(My grandmother told me many stories about her life in Norway during World War II, when the country was occupied by the Nazis.)
Near the end of the war, when the Third Reich was falling apart, a Nazi submarine surfaced in the river near my grandparent’s house. The young German sailors came on shore and begged for food.
“They were just boys,” my grandmother said. “And they were frightened. They knew that they would probably die when their submarine returned to the sea. ”
She gave them some apples.
“Danke Schoen, Danke Schoen,” they said, as they crawled back into the sub and disappeared into the river.
Not long after, when the Nazis surrendered, an American submarine came up the river.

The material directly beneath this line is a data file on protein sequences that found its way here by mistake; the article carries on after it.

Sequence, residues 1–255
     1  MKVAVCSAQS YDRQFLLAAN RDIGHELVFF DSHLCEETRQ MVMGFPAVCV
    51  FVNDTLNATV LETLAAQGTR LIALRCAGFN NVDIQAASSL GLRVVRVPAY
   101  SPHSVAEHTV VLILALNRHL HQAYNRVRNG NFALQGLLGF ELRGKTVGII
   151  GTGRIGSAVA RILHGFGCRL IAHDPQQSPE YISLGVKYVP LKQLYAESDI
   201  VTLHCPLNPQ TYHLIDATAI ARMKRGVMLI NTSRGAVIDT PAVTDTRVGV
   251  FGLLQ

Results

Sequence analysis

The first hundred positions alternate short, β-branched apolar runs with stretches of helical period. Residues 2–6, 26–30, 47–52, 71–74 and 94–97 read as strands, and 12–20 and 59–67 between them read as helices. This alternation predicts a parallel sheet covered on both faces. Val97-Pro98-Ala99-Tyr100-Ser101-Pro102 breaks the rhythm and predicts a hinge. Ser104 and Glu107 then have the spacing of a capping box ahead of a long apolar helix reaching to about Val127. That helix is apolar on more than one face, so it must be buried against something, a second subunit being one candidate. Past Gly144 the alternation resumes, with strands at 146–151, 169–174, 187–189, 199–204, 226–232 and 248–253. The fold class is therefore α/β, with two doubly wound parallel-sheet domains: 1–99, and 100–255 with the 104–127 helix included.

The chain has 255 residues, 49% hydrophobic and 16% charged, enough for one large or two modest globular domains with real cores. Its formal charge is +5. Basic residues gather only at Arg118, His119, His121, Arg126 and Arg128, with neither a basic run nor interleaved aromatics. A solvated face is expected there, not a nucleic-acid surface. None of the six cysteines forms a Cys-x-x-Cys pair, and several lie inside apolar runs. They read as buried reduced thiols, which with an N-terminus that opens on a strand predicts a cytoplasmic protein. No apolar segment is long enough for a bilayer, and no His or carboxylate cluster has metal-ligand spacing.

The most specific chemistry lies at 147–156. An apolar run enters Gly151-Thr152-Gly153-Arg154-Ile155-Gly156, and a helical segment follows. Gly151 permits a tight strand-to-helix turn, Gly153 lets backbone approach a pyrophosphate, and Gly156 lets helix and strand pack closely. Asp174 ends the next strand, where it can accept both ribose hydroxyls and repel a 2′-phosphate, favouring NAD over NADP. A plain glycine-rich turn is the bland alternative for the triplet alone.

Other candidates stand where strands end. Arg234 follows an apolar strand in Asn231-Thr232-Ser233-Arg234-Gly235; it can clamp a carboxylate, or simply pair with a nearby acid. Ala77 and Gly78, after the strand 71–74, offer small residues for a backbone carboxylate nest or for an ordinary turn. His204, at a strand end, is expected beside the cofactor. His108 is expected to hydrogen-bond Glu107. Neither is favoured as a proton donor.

My grandmother and her three children, thin and weary after five years of Nazi occupation, stood on the shore with their neighbors, cheering and waving Norwegian flags as the Navy men emerged from the boat.
“We were so happy to see them. They gave us flour and coffee,” my grandmother said.
Roger, her youngest child, was six years old, and was born the year before the Nazi invasion.
He was excited to see the Americans and joined the other kids who crowded around the sailors, who were opening boxes and handing each child a chocolate bar.
Roger unwrapped the candy, stared at the hard brown substance and threw it to the ground.
“What is that shit?,” he asked his mother.
His 15-year-old brother and 12-year-old sister laughed and laughed.
Because of the war, little Roger had never tasted chocolate and had no idea it even existed.
As for my grandmother, she thanked the sailors for the coffee and hurried home.
“I drank coffee all day and all night for two days,” she said. “Oh, it was so wonderful to be drinking coffee once again.”